Kerala train users can’t digest BJP’s parotta politics

Historians say that food has always been drawn into battles among nations

What irked railway users in Kerala was the arbitrariness of the first order. Gone was the Kerala parotta, a flaky maida version of its North Indian cousin. In came pav-bhaji.

It seems, the BJP isn’t quite ready to leave Keralites to themselves.

While Finance Minister Nirmala Sitharaman was busy serving halwa to her staff ahead of the budget preparations, the Indian Railways was playing culinary politics by dictating what the people of Kerala should eat on trains.

The food services arm of the railways, the IRCTC (Indian Railway Catering and Tourism Corporation), without consulting consumers, decided to take control of the Malayalee gut by removing popular dishes from its menu. Following a howl of protest from the public, the IRCTC managing director has revoked the order.

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What irked railway users in Kerala was the arbitrariness of the first order. Gone was the Kerala parotta, a flaky maida version of its North Indian cousin. In came pav-bhaji.

Bajji and pazham pori, thin fritters of raw or ripe bananas, disappeared. Kachori and samosa elbowed their way in.

Dosa, puttu, ela ada, kozhakattai, neiappam, idiappam and egg curry bid goodbye. The new eat-this-instead list featured North Indian staples rajma-chawal, khulcha, chhole baturey and the abomination known as bread pakoda.  Even lemon juice was forbidden from the Vegetarian Refreshment Rooms in railway stations.

Kerala has always been a thorn in Prime Minister Narendra Modi’s flesh. His government’s move to invade the Kerala kitchen first started with attempts to prevent the state government’s Kerala House in New Delhi from serving beef curry, which is eaten with gusto even by Malayalee Hindus. The Kerala government stood firm and the BJP was forced to call off its protests.

Also Read: Is Kerala Governor trying to be a Kiran Bedi?

Many passengers interpreted the latest culinary misadventure as yet another imposition of North Indian values on Kerala, which has successfully kept out the BJP. Railway passenger forums couldn’t digest the government move to impose a culinary uniformity in the country, coming as it does on the back of attempts to have one national identity card, one national dish, one national language, and one approach to national politics.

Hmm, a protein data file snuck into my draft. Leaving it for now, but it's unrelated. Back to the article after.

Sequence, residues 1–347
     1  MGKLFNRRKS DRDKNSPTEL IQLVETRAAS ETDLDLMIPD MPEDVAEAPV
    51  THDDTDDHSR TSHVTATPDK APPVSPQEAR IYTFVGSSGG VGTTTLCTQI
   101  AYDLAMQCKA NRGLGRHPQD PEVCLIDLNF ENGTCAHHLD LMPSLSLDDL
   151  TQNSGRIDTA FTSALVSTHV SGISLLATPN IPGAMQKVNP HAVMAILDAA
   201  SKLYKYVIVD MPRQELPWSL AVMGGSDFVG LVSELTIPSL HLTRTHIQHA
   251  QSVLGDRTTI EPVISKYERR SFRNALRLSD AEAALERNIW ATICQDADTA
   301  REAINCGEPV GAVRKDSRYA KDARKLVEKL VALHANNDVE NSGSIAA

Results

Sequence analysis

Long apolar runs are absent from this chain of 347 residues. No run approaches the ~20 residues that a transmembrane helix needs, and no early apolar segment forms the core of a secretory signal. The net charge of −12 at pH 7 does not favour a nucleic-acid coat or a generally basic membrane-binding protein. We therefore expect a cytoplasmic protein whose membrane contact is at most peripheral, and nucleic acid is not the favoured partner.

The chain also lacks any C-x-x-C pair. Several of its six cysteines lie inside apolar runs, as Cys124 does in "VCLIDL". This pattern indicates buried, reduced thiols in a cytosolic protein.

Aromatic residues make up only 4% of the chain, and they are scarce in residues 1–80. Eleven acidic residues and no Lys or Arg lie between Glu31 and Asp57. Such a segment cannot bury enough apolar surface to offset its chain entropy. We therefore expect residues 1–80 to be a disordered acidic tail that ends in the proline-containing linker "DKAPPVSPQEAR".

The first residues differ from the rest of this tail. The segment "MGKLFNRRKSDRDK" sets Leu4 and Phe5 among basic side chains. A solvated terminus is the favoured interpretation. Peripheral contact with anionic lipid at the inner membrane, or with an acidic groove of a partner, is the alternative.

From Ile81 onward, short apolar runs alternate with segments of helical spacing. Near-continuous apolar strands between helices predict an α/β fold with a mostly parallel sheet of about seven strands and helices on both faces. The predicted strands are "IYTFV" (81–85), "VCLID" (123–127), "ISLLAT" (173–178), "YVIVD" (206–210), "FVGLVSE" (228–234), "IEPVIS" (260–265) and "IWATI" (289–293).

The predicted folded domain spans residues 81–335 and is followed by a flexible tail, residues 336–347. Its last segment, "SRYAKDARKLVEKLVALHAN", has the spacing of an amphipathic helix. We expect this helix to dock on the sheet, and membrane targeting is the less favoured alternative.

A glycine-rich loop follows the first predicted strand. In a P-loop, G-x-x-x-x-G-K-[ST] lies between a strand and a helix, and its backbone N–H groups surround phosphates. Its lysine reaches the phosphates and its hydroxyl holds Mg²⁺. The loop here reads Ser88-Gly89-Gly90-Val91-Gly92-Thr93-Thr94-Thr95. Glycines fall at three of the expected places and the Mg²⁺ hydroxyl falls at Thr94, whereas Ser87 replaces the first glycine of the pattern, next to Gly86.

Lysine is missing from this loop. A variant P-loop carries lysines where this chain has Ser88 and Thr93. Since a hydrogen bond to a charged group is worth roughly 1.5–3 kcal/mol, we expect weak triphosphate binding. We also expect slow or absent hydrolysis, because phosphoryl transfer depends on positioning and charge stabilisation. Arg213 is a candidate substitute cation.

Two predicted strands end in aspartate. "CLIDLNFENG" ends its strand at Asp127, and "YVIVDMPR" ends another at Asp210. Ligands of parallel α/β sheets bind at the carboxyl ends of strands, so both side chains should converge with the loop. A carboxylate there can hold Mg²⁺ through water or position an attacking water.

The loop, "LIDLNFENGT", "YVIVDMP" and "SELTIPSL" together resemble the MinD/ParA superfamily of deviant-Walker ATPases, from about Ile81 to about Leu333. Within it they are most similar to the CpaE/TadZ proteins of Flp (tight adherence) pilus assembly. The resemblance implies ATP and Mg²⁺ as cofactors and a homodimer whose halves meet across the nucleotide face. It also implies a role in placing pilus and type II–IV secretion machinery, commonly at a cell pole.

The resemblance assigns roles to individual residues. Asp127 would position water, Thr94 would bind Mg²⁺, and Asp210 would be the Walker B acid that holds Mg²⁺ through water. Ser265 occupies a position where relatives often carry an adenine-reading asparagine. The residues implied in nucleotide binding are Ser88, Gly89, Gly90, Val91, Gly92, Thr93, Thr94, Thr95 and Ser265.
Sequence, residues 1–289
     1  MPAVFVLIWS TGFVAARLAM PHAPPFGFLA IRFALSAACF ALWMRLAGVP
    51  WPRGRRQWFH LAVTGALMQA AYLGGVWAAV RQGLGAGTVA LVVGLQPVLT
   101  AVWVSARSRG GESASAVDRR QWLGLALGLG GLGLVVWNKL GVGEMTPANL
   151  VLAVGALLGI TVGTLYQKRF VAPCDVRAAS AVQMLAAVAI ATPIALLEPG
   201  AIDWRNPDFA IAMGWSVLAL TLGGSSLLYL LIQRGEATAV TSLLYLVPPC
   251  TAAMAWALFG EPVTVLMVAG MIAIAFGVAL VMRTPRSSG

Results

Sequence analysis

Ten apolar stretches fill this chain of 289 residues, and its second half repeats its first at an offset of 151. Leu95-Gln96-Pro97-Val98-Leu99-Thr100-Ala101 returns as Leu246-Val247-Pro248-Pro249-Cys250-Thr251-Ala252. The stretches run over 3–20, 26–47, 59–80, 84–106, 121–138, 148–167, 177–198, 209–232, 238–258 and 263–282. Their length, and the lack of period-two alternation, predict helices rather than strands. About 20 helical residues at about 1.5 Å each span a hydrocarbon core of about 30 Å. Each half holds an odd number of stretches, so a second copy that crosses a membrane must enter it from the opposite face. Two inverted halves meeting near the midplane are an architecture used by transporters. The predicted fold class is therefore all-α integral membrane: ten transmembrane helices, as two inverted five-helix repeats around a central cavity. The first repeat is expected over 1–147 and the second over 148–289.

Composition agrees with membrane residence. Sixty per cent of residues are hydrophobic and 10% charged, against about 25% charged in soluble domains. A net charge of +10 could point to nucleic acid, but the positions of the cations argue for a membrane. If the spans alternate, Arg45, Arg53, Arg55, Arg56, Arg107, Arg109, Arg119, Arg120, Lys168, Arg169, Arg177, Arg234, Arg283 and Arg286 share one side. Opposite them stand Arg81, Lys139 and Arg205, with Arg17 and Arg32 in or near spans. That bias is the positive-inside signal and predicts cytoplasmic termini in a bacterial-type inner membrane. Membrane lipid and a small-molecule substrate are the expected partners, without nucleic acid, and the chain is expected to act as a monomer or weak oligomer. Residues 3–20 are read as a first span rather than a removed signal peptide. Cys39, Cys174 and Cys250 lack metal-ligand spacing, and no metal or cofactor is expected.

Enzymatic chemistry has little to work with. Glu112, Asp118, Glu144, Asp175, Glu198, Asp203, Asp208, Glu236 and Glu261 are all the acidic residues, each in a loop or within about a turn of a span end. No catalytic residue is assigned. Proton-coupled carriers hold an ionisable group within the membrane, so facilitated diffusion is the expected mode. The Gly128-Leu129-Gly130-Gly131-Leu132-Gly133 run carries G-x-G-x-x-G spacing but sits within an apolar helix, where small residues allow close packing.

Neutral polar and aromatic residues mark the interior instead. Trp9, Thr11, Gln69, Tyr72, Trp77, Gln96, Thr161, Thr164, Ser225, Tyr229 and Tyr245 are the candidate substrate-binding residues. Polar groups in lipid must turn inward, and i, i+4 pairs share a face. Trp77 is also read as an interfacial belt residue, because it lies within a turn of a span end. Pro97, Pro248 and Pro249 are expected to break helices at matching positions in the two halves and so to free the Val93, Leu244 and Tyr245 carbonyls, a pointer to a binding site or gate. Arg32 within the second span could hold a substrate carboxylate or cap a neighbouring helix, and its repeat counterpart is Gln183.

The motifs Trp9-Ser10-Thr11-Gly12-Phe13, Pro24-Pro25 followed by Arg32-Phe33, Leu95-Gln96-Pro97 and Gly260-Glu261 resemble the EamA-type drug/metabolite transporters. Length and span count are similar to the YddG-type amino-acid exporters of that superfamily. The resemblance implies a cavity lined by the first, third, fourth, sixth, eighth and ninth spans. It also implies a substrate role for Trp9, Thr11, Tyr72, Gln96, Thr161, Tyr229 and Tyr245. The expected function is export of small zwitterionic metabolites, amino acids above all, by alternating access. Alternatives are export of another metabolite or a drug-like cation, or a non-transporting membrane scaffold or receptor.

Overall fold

Everything anti-Muslim has been close to the BJP heart ever since it came to power in 2014. It immediately tried to do away with biriyani as a symbol of Indian food and instead tried to promote kichidi as the national unifier. Most of us have our own version of lentils and grains as kichidi, pongal or kanji. These are popular because they are economical and easy to prepare. Even Emperor Humayun taught the cooks of the Shah of Persia how to make kichidi. Aurangazeb is said to have relished the Gujarati version made with millets and lentils, having his cooks lace it with quantities of ghee.

In return, Persia gave the world vegetable pulao – it became pilaf in Turkey, paella in Spain, risotto in Italy and biriyani in India. Food historians say that Emperor Akbar’s cooks refined it by cooking meat and vegetables separately – unlike the one-pot kichidi. The BJP saw it as a case of ‘Hindu’ kichidi versus ‘Muslim’ biriyani.

Food politics goes back across centuries. Roman leaders pacified citizens with promises of “bread and circuses” (food and entertainment). King Henri IV of France promised a chicken in every household pot. Mahatma Gandhi used salt as a symbol of protest. He even had curd and dates served to him when he negotiated with Viceroy Lord Irwin, calling it the prophet’s food.

Historians say that food has always been drawn into battles among nations. Take a familiar food, spice it with cultural appropriation and profit, and it fuels resentments. Palestinians have hated the Israelis for appropriating hummus and pita. Peru and Chile have fought over who invented pisco, a grape spirit consumed in both countries. In India, Telugu food has been pushed aside by Tamil food, Odiya cuisine by Bengali, Marathi by Gujarati, and Kashmiri by Punjabi. Odisha and West Bengal even came to blows over the rosgolla and where it originated. Not to mention infuriating restaurant signs in Delhi that offer “Indian and South Indian cuisine”.

This particular battle has been won by the Keralite. It remains to be seen what will happen at the next food fight.

(When he is not writing for The Federal, the author is busy exploring regional vegetarian cuisines, especially of the deep-fried kind.)

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